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In Depth: Water Crisis Looming Across Tamil Nadu

'The wars of the twenty-first century will be fought over water' - Ismail Serageldin

A recent Niti Aayog report states that 24 of India's 29 states will witness a severe water crisis shortly. 21 major cities of the country will soon run out of groundwater. This year, with nearly 50 percent of India grappling with drought-like conditions, the situation has been even grimmer in states that have received rainfall below the long-period average.

The Niti Aayog has developed a Composite Water Management Index, assessing 9 large sectors on 28 different indicators covering various aspects such as groundwater, the restoration of water bodies, policy, and governance. The idea was to understand which states were using various techniques of water management and to what extent they can deal with the water shortage menace.

The biggest cause of worry in India is the agricultural sector - rural areas use 80% of the water supply for this purpose.

Almost 12% of Indians are already living Day Zero, a term invented in Cape Town after they faced a water crisis last year. It refers to the active rationing of water: a time when the water supply is completely cut off and people need to tighten their water consumption as much as possible. Often people have to rely entirely on tankers for water - which in India are typically commercial tankers run for profit, often in connivance with government officials.

Reasons for this crisis include excessive groundwater pumping, inefficient, wasteful or non-existent water management systems, and years of deficient rain exacerbated by global warming.

Indian cities and towns regularly run out water in the summer because they lack the infrastructure to deliver piped water to every home. Most parts of the country depend mainly on the monsoon rain for the water supply. However, due to a weak monsoon for the past two years, 600 million people - a quarter of the country's population - are living under water shortage.

As a result, 70% of affected people have to now rely on various other sources of water which are often contaminated and unsafe. The data points out that the country is facing a severe drought, estimated to result in the loss of 6% of the GDP by 2030, by which year the demand for water is expected to be twice the supply.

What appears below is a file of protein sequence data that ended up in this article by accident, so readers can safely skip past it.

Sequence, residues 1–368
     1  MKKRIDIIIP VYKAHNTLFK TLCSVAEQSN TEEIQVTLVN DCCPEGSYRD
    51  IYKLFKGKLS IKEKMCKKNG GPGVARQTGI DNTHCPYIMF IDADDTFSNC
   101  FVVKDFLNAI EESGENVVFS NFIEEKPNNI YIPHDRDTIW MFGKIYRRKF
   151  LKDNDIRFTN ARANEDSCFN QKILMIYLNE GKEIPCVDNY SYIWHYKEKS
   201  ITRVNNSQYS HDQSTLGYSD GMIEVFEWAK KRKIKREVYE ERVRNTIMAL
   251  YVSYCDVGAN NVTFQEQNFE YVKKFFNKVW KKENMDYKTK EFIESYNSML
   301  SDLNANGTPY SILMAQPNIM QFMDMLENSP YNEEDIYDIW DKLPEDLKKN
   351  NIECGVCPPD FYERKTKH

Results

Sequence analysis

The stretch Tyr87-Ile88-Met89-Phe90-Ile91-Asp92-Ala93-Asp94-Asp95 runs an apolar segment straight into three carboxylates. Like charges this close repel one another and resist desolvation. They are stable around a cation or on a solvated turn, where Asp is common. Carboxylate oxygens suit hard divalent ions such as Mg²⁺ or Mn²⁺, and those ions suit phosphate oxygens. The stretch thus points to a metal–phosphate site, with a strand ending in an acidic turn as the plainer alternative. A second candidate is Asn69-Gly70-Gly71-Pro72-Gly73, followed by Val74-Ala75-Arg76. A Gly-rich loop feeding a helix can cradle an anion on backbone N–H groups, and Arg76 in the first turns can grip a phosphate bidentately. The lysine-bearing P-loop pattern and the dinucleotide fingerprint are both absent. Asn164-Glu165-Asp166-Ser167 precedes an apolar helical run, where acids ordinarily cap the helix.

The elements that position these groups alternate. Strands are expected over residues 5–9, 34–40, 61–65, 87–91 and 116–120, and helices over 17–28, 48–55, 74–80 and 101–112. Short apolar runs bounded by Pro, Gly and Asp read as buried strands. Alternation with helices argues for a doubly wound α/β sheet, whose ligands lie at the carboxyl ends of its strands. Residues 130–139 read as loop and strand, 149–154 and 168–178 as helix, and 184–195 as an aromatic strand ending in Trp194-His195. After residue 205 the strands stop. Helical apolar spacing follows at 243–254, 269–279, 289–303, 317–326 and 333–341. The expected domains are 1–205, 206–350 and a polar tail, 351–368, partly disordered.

India faces worst water crisis: NITI Aayog

The Water Crisis in Tamil Nadu

There are about 17 river basins in Tamil Nadu with Cauvery being the major basin. Water from this basin is shared between Karnataka and Tamil Nadu as it flows from Karnataka and then enters the state. 13 other basins are medium, and 3 are minor river basins. At 75 percent dependability, the annual surface water generated in the state is 692.78 TMC (thousand million cubic feet).


Since the state is entirely dependent on rains for recharging its water resources, monsoon failures lead to acute water scarcity and severe droughts. Without any rainfall for the past 200 days, it has become even more crucial that Chennai finally experiences rain.

There are four major reservoirs here - Cholavaram, Redhills, Poondi, and the Chembaraambakkam. Cholavaram has a capacity 1,081 MCFT (million cubic feet) and Redhills has a capacity of 3,300. These are already dry, and Poondi reservoir is at 24 MCFT as against a capacity of 3,231 MCFT. The Chembarambakkam lake with a capacity 3,645 MCFT has a water level of a mere 1 MCFT.

The primary reason for water scarcity is the lack of proper urban development and accountability among various civic authorities. Not to forget that there has been an increase in the population, with no facilities created to meet the growing demand.

There has been an erratic water supply for the past six months. People in Chennai have to wait for Metrotankers for about 3-4 weeks and do not have any idea from where the water will come meanwhile.

This time, the situation is the worst witnessed in the past 30 years. Tankers are even collecting stagnant water from abandoned stone quarrying areas to supply 8.5 lakh households with a Metrowaters connection.

This situation is due to poor planning. In Chennai, there used to be about 150 water bodies. The Yeri Scheme implemented by the government emphasised the conversion of water bodies into residential areas and commercial plots. Even the water canals and supply routes died a slow death under this scheme whose sole stated aim was to accommodate the city's growing population.

The problem was well known, and the administration should have steadily focused on protecting and preserving the remaining rivers which flowed across the city. To make matters worse, another issue which Chennaiites are facing is that the water supply is mixing with sewage water. Many regions of Chennai city such as Mandaveli are receiving sewage water mixed in with treated water.